Big Tobacco’s Role in Pushing Flame Retardants



In the Chicago Tribune’s recent investigative series on flame retardants, they uncover the role of Big Tobacco in pushing for flame retardants—harmful chemicals that pose neurological and reproductive problems—in a wide variety of furniture and baby products. Tasked with reconfiguring cigarettes to be more “fire-safe,” the tobacco industry instead decided to shift the blame to easily ignitable furniture and products and the idea of flame retardant furniture was born.

In the 1980s, the tobacco industry launched a campaign that pushed for flame retardants being added to furniture and wooed the National Association of State Fire Marshals to their cause. The Tribune discovered the arrangement buried in some 13 million documents released by Big Tobacco following lawsuits won by smokers.

With the backing of the fire marshals, the tobacco industry was successful in pushing legislation that would require flame-retardants in furniture in 1992. And, notes the Tribune: “The fire marshals organization continued promoting flame retardant products even after it was clear that the chemicals inside were escaping, settling in dust and winding up in the bodies of babies and adults worldwide. The marshals continued even after flame retardants were linked to cancer, neurological deficits, developmental problems and impaired fertility.”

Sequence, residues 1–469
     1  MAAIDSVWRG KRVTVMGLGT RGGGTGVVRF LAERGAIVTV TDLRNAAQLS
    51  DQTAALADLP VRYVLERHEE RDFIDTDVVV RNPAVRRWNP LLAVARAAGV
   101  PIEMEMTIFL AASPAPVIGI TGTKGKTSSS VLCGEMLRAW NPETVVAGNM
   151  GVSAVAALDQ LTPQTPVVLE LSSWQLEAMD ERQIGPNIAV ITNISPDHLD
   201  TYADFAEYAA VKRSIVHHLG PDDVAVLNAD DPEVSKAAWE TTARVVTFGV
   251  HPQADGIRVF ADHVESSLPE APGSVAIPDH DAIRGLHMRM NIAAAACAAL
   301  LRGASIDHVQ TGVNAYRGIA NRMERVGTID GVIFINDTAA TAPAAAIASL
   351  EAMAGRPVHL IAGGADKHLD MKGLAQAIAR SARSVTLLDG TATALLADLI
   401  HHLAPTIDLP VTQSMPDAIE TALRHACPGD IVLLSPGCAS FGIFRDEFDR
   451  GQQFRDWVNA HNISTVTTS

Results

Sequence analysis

Today, flame retardants are widespread in couches, carpet padding, crib mattresses, car seats and even nursing pillows. Some of these toxic flame retardants being used in children’s products have been banned, according to a study done last year. With the rise in exposure has come a staggering increase in the levels of flame retardants in children’s blood. A study by the Environmental Working Group found that the levels of polybrominated diphenyl ethers (PBDEs, the technical name for flame retardants) are 2.8 times higher in children than mothers, In some cases, children’s PBDE levels exceeded concentrations found in adults with high workplace exposure, such as recycling workers and carpet installers.

And as the Tribune series notes, flame retardants not only pose serious dangers to consumer health, but tests reveal that they are ineffective at preventing fires. They write: “Mattress manufacturers already use flame-resistant barriers to meet national fire-safety standards. These barriers are typically made of chemical-free materials or safer chemicals than those commonly added to foam.”

Animal Rights National Conference 2018